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Opportunity Youth: Disenfranchised Young People

Opportunity Youth: Disenfranchised Young People


Disconnected Youth: A Look at 16 to 24 Year Olds Who Are Not Working or In School less likely to attend college than other children, and on average attained between 1.0 and 1.75 fewer years of education. 38 While the evidence presented above suggests a strong relationship between adolescent poverty and educational attainment, the NLSY researchers most importantly found that the relationship withers when other control variables, such as parental education, family structure, and IQ are taken into account. The researchers found that “after the control variables were taken into account, the number of years spent below the poverty line during adolescence were not related to any of the educational outcomes considered” (emphasis added). 39 Yet when viewed over a longer period of time than just adolescence, growing up in poverty does appear to affect educational attainment, even after controlling for other background factors. Researchers using 21 years of Panel Study of Income Dynamics (PSID) data found that all other things being equal, the number of years that children spend in poverty while growing up is an important factor in predicting whether they will graduate from high school. 40 These researchers found that growing up with a single parent further reduces the probability of high school completion. Detailed Findings This section begins with an overview of the reasons disconnected youth said they were not working or in school at any time in 2014. Following this discussion is an overview of the basic demographics of disconnected youth and their characteristics across several domains— educational attainment, living arrangements, parenting status, and poverty status. These data, drawn from the 2014 CPS, are compared to data for connected youth. The section ends with a presentation of trend data on disconnection from 1988 through 2014, with a focus on sex, age, and race and ethnicity. Reasons Reported For Youth Not Being in School or Working Figure 1 displays the reasons given for out-of-school youth not working in the first quarter of 2014. Major reasons include taking care of family or home, illness or disability, or they could not find work. About one-quarter of disconnected youth (26.4%, 623,000) were reported to be taking care of home or family and were not disabled. Of those, over half (319,000) were reported as having a child. The CPS does not prompt respondents to elaborate on the type of care provided in the home or to family, and therefore, it is unclear the extent to which this care would interfere with their ability to work or attend school. Illness or disability was reported as the major reason why about 34% (about 811,000) of disconnected youth did not work in 2014, with most designated as having a severe disability. 41 38 See, Jay D. Teachman et al., “Poverty During Adolescence and Subsequent Educational Attainment,” in Consequences of Growing Up Poor, ibid, pp. 382-418. 39 Jay D. Teachman et al., “Poverty During Adolescence and Subsequent Educational Attainment,” in Consequences of Growing Up Poor., p. 413. 40 Robert Haveman and Barbara Wolfe, “Schooling and Fertility Outcomes: Reduced-Form and Structural Estimates,” in Childhood Poverty and Adolescent Consequences of Growing Up Poor, op cit., p. 442. 41 The CPS asks several questions to determine whether individuals are considered to have a work disability. Persons are identified as having a work disability if they: (1) reported having a health problem or disability which prevents them from working or which limits the kind or amount of work they can do; or (2) ever retired or left a job for health reasons; or (3) did not work in the survey week because of long-term physical or mental illness or disability which prevents the performance of any kind of work; or (4) did not work at all in the previous year because they were ill or (continued...) Congressional Research Service 12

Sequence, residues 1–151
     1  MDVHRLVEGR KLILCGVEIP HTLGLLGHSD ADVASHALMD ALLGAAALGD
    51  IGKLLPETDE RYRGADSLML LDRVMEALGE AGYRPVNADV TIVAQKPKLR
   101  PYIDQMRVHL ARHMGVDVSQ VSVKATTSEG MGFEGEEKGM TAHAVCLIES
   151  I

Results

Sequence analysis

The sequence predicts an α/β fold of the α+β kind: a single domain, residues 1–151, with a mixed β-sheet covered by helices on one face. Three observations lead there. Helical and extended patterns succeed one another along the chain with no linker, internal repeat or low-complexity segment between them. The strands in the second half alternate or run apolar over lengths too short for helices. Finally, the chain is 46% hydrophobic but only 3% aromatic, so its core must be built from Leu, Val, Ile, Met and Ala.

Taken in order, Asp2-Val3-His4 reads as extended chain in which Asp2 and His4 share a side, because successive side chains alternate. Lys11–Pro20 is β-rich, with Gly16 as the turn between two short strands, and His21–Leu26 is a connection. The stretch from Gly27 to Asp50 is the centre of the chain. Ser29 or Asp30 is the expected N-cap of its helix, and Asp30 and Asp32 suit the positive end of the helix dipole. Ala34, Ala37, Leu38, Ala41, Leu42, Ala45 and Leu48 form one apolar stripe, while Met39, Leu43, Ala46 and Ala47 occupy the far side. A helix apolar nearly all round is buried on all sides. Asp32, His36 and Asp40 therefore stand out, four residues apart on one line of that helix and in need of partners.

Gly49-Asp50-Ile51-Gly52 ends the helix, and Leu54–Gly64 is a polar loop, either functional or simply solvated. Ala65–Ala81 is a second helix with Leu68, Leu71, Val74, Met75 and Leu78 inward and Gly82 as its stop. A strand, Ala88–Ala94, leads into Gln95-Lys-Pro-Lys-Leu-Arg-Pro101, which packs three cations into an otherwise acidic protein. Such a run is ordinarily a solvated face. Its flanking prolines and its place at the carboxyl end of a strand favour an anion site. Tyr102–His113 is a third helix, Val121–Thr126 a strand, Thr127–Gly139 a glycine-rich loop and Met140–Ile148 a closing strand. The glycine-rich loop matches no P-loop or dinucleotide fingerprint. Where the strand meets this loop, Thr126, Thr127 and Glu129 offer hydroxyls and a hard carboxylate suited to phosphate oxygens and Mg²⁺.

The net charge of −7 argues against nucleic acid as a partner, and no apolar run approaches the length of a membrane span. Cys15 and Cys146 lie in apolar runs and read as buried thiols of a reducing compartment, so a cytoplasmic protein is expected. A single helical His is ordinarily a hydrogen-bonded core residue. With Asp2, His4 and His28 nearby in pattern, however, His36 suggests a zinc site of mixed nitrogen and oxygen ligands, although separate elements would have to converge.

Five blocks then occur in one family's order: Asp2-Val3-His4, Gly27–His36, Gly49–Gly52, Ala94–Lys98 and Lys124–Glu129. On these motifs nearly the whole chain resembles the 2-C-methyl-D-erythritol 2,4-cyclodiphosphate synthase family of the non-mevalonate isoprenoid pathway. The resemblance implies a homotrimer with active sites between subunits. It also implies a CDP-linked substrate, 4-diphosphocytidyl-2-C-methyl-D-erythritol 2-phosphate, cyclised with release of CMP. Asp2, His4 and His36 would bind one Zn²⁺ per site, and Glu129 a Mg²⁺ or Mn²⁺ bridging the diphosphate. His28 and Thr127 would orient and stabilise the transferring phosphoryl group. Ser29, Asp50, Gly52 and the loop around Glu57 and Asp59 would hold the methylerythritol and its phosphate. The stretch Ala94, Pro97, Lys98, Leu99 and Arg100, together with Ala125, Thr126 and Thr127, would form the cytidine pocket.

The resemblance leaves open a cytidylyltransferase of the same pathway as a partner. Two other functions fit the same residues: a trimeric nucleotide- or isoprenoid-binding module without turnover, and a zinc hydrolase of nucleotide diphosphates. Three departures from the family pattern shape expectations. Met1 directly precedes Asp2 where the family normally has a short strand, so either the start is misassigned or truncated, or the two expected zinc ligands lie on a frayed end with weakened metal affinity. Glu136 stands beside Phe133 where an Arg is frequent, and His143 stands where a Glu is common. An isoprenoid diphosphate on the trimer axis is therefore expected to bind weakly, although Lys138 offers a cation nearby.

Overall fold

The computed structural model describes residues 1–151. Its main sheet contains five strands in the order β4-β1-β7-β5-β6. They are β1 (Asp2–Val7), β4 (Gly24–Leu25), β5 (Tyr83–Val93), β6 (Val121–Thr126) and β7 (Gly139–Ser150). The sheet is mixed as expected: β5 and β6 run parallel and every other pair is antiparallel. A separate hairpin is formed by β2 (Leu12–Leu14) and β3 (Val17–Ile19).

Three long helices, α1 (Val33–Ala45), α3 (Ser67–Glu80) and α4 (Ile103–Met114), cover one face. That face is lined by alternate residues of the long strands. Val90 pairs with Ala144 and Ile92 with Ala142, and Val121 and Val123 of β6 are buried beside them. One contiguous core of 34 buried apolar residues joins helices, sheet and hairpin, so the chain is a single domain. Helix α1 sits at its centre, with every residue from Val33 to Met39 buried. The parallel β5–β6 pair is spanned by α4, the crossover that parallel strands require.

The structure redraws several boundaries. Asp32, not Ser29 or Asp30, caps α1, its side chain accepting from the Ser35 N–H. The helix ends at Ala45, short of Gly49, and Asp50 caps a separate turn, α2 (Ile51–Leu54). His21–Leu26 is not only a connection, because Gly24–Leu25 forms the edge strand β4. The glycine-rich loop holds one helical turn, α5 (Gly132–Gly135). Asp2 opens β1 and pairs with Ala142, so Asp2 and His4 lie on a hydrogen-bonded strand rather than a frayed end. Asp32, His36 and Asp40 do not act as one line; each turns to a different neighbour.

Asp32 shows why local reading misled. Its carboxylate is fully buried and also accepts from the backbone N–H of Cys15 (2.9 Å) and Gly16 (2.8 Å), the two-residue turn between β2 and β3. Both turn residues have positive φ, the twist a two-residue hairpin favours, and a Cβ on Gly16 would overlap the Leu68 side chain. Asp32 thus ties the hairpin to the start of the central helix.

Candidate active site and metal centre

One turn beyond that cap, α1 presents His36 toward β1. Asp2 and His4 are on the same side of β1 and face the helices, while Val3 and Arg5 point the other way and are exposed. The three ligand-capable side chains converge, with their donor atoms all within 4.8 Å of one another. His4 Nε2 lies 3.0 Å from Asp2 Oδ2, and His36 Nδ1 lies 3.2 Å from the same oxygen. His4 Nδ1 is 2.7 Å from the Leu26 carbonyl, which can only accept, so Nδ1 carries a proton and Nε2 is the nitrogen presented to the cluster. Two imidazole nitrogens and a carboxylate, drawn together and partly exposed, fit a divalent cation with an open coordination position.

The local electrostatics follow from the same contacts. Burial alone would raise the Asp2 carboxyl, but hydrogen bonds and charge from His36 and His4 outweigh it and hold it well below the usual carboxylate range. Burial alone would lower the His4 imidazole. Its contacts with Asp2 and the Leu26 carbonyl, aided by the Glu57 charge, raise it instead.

Disconnected Youth: A Look at 16 to 24 Year Olds Who Are Not Working or In School One indication that a person is severely disabled is their receipt of Supplemental Security Income (SSI) or Medicare. 42 Over two-fifths of disconnected individuals with disabilities (359,000) received one of these two benefits, accounting for about one in seven (15.2%) of all disconnected youth. An estimated 36.0% of disconnected youth (852,000) could not find work and did not have a disability or responsibilities in the home of caring for a child or other family member. Figure 1. Disconnected Youth Ages 16-24, by Disability Status, Presence of Children, and Family Caretaking Responsibility, 2014 Source: Congressional Research Service based on analysis of data from the U.S. Census Bureau 2014 Current Population Survey (CPS) Annual Social and Economic Supplement (ASEC). Notes: Disconnected youth are youth who were not working or in school at the time of the survey and were reported as having not worked during the previous year for reasons other than going to school. (...continued) disabled; or (5) are under 65 years of age and covered by Medicare; or (6) are under age 65 years of age and a recipient of Supplemental Security Income (SSI); or (7) received veteran’s disability compensation. Persons are considered to have a severe work disability if they meet any of the criteria in 3 through 6, above. See www/disability/disabcps.html. 42 Individuals who receive Social Security disability are eligible to receive Medicare two years after entitlement to SSDI, and in some cases earlier. Disabled children may receive Social Security Disability Insurance (SSDI) benefits indefinitely as long as the disability was incurred before reaching age 22. For information about SSDI, see CRS Report RL32279, Primer on Disability Benefits: Social Security Disability Insurance (SSDI) and Supplemental Security Income (SSI). Congressional Research Service 13